The institutions that foot the bill for scientific research tend to be best at writing big checks for big projects. Now a bunch of nonprofits are trying to fund the little guys, asking for small donations to small projects. A focus on transparency—researchers must update donors with progress reports—could help get the public invested in science with their hearts as well as their wallets. Here’s a look at the new funds.
Science knows very little about shark evolution. This is partly because “cartilage is a funny tissue,” says John Maisey, a paleontologist at the American Museum of Natural History in New York City. Shark bodies are largely made of this firm, white connective substance—which does not fossilize well. For hundreds of years scientists have only been able to guess that sharks probably had some bony fish ancestors.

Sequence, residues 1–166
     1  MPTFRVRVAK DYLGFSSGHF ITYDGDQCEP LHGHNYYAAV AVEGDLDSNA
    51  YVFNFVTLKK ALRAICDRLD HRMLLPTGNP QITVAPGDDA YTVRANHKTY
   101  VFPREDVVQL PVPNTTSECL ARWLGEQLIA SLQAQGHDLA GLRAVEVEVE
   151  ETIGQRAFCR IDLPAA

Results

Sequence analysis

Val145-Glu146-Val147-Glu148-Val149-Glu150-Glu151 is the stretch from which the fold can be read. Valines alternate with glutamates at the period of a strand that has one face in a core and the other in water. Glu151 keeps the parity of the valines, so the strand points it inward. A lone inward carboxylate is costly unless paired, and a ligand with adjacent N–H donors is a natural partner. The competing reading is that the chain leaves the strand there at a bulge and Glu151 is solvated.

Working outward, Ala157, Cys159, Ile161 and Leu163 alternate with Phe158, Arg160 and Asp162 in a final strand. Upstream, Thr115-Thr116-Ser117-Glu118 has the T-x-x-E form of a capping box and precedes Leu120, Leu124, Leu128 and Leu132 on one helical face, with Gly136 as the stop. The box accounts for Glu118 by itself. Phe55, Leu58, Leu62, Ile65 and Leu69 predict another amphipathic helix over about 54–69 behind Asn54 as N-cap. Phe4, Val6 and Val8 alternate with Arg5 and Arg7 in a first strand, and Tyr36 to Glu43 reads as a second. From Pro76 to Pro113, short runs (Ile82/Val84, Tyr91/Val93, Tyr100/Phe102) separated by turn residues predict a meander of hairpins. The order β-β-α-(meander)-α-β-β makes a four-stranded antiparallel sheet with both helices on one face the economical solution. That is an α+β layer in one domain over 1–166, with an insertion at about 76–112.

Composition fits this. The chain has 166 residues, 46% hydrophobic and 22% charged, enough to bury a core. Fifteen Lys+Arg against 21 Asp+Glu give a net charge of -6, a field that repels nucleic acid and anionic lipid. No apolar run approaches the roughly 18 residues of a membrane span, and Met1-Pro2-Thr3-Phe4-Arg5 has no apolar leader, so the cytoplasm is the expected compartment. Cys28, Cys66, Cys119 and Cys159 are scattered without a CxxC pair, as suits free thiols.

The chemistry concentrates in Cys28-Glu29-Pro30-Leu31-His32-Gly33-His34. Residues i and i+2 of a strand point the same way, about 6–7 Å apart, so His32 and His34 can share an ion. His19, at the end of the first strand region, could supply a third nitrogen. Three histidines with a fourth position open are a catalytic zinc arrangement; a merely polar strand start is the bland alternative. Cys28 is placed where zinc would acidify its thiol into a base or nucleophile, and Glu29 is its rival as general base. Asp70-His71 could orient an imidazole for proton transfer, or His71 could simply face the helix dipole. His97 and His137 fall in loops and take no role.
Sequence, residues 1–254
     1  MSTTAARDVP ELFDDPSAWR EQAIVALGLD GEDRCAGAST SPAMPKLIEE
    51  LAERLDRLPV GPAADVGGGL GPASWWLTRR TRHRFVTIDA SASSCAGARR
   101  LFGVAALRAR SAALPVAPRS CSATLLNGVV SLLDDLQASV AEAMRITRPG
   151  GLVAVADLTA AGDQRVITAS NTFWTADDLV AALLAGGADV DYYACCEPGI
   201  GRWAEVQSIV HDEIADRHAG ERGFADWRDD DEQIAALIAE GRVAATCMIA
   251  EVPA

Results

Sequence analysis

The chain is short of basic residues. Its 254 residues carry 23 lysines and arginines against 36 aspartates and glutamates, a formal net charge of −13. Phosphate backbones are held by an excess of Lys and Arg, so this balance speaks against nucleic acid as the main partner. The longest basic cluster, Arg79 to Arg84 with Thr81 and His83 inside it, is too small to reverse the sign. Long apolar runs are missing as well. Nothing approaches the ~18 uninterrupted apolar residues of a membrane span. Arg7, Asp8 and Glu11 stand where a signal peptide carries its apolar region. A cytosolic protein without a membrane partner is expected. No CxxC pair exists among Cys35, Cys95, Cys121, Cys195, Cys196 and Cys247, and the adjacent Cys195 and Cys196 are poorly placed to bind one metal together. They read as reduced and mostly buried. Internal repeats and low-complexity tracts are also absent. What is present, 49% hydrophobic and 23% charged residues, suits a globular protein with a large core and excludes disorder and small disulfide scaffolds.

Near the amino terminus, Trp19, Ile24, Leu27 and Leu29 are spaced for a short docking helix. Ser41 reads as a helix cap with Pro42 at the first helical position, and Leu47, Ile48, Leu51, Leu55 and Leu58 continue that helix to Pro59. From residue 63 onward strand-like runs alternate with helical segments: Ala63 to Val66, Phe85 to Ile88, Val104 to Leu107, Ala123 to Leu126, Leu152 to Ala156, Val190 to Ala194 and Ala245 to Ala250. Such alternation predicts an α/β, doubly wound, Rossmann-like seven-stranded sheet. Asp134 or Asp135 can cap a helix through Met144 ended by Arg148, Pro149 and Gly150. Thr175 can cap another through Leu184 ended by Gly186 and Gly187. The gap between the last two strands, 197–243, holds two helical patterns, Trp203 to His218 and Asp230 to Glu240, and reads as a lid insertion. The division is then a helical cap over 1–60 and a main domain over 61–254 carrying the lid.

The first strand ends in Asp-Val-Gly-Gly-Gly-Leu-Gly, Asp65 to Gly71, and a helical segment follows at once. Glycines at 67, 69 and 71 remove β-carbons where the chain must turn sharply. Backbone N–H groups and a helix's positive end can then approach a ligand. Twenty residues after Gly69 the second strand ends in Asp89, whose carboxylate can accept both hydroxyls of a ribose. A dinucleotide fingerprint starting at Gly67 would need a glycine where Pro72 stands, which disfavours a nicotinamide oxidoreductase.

EMILY CALANDRELLIAt the end of April, Netflix released the latest program to tap into the nostalgia of its largely millennial user base: Bill Nye Saves the World. Even before his new show aired, Nye had cemented his membership in a fraternity of science communicators that neatly package science for popular consumption. These days you don’t have to be a hard-core nerd to recognize of the names and faces of Neil deGrasse Tyson, David Attenborough, or Brian Greene.